Archive for the ‘People’ Category

NJC Poster Prize Winners at Metals and Genetics Meeting

Three young scientists were recognized for their contributions at the 6th International Conference on Metals and Genetics, which took place earlier this year at the Indian Institute of Science in Bangalore.

The winners (in no particular order) of the NJC Poster Prizes awarded at this conference were:

Mr Vadde Ramu, National Chemical Laboratory, Pune
Poster title: New imaging reagents for lipid dense regions in live cells and the nucleus in fixed MCF-7 cells

The presented work is part of Vadde’s Ph.D. thesis, carried out under the supervision of Dr. Amitava Das. Vadde will be defending his thesis work this month and is moving to Jena for a post-doctoral position in October.

The presented research work demonstrated the design and synthesis of two new uracil (U) and 5-flurouracil (5-FU) labelled ruthenium(II)-polypyridyl based cellular imaging reagents. These two complexes were found to show affinity towards DNA in the nucleus of the PFA fixed cells. A large Stokes shift (λ = 160 nm) and an appreciably long-lived 3MLCT excited state (λ = 320 ns) in aq. buffer medium (pH 7.4) are other key features of these complexes. Unlike the common nuclear DNA staining reagents like DAPI, these low-cytotoxic reagents are found to be highly stable towards photo-bleaching upon irradiation with λ > 455 nm at the MLCT band for these complexes.

Mr Samsuzzoha Mondal, Tata Institute of Fundamental Research, Mumbai
Poster title: Sensing Signalling Phospholipids with ‘Lanthano-proteins’

Samsuzzoha is a Ph.D. student working in the group of Dr. Ankona Datta. He is in his final year and expects to defend his degree in mid-2017.

His present research is about developing fluorescent probes for imaging the crucial phospholipids involved in cell signaling processes. Currently available genetically encoded fluorescent probes lack ‘on-off’ sensing and have problems with background signal. Hence tracking the spatio-temporal dynamics of phospholipids in a live cellular process with those fluorescent proteins is challenging. The authors are addressing this issue by developing novel fluorescent probes with ‘turn on’ or ‘ratiometric’ fluorescence sensing. The poster presents a ‘lanthano’-protein based ‘turn on’ sensor for phosphatidylserine, a phospholipid involved in cell-death signals mediation and several other signaling processes. Additionally, a recently developed, cell permeable, ratiometric sensor for phosphoinositides, the most important signaling phospholipids in the cellular system, is demonstrated.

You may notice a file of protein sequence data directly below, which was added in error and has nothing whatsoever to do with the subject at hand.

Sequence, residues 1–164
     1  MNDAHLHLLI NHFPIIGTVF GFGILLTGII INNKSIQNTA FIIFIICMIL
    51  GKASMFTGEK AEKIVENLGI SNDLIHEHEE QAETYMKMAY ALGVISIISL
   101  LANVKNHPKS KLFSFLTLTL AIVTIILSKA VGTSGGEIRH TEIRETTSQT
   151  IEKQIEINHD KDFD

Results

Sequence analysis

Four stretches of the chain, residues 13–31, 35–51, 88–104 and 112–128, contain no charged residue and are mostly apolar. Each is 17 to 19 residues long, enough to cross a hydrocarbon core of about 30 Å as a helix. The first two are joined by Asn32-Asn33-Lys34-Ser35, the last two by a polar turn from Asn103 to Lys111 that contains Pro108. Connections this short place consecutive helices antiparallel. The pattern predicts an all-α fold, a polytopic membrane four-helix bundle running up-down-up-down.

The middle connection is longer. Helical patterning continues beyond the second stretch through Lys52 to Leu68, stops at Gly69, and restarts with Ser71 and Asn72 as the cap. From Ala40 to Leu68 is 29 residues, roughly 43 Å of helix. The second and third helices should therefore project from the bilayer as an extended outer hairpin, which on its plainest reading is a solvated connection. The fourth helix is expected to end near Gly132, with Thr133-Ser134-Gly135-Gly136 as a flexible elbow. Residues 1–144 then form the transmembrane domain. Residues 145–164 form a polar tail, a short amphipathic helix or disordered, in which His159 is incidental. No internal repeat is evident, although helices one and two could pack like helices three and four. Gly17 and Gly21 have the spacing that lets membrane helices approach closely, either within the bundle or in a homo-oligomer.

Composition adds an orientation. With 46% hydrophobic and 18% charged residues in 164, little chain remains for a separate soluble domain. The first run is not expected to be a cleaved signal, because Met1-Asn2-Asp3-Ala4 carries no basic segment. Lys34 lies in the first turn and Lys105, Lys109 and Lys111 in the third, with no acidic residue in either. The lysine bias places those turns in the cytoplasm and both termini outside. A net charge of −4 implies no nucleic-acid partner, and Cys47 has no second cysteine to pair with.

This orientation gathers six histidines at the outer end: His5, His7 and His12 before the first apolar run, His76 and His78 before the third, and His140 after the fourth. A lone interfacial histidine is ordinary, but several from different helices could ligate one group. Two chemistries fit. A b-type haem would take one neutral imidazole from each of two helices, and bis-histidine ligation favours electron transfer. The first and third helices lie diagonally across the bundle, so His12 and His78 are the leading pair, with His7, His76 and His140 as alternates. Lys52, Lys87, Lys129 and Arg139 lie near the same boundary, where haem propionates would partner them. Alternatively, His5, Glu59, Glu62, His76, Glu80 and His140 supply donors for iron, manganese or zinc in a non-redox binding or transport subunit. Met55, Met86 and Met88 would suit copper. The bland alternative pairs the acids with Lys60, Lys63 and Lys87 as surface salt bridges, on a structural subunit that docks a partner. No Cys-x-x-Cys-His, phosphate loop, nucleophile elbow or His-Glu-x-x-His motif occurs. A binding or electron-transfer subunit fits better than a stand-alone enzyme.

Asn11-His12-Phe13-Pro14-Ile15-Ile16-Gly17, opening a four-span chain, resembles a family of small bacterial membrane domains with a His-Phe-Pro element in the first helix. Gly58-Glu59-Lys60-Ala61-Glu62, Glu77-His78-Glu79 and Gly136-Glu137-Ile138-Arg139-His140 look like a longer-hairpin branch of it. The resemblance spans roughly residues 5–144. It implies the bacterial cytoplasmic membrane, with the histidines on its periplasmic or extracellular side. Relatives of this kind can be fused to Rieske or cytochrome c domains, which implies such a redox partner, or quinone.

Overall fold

Ms Tandrila Das, Indian Institute of Science, Bangalore
Poster title: Vacancy-Engineered Nanoceria: Enzyme Mimetic Hotspots for the degradation of Nerve Agents

Tandrila did the work presented in the poster as a 5th year BS-MS student under the direction of Prof. Govindasamy Mugesh. She is now a 1st year student in the Tri-Institutional Ph.D. program in chemical biology offered by Weill Cornell Medicine, Memorial Sloan-Kettering Cancer Center and The Rockefeller University (all located in New York City).

The study of phosphotriesterase (PTE) enzymes and synthesis of its structural and functional mimics has been a long time interest of the lab. PTE enzymes degrade organophosphorus nerve agents, which are known to inhibit acetylcholine esterase, thus resulting in paralysis, respiratory failure, etc.  For her Master’s thesis, Tandrila worked on developing a nano-mimic of PTE enzyme. The poster work showed that vacancy engineered nanoceria (CeO2) with Ce in both +3 and +4 oxidation states very efficiently act as a catalyst to hydrolyze organophosphorus nerve agents like paraoxon, parathion, etc.

(The photo shows Tandrila on the left with co-author Dr Amit Vernekar, currently a post-doc in the Lippard group at MIT.)

Congratulations to the 3 laureates, and best wishes for continuing success in their research and careers.

Digg This
Reddit This
Stumble Now!
Share on Facebook
Bookmark this on Delicious
Share on LinkedIn
Bookmark this on Technorati
Post on Twitter
Google Buzz (aka. Google Reader)

NJC issue 05 now online

NJC May 2016 OFC - Themed issue in honor of François FajulaThis month, Guest Editors Professors Anne Galarneau (Institut Charles Gerhardt Montpellier, France) and Irina I. Ivanova (M.V. Lomonosov Moscow State University, Russia) are pleased to present a part-themed issue in honor of Dr François Fajula entitled The Creative World of Porous Materials.

This collection of 12 Reviews, 2 Letters and 39 research Papers expresses the materials community’s deep appreciation and conveys thanks to Dr François Fajula for his outstanding contributions to the fields of zeolites and ordered porous materials, and for his hard wok on behalf of the materials community. Additional contributions to this themed collection that are not published in the May issue can be found here as they are added.

NJC would also like to thank Alexander Yakimov and the Guest Editors for the design of the outside cover which illustrates this themed issue.

Read the Editorial here.

We invite you to browse the complete table of contents of the May issue to discover other authors’ contributions that are not part of the themed collection.

Digg This
Reddit This
Stumble Now!
Share on Facebook
Bookmark this on Delicious
Share on LinkedIn
Bookmark this on Technorati
Post on Twitter
Google Buzz (aka. Google Reader)

NJC Editor-in-Chief recipient of award in macrocyclic chemistry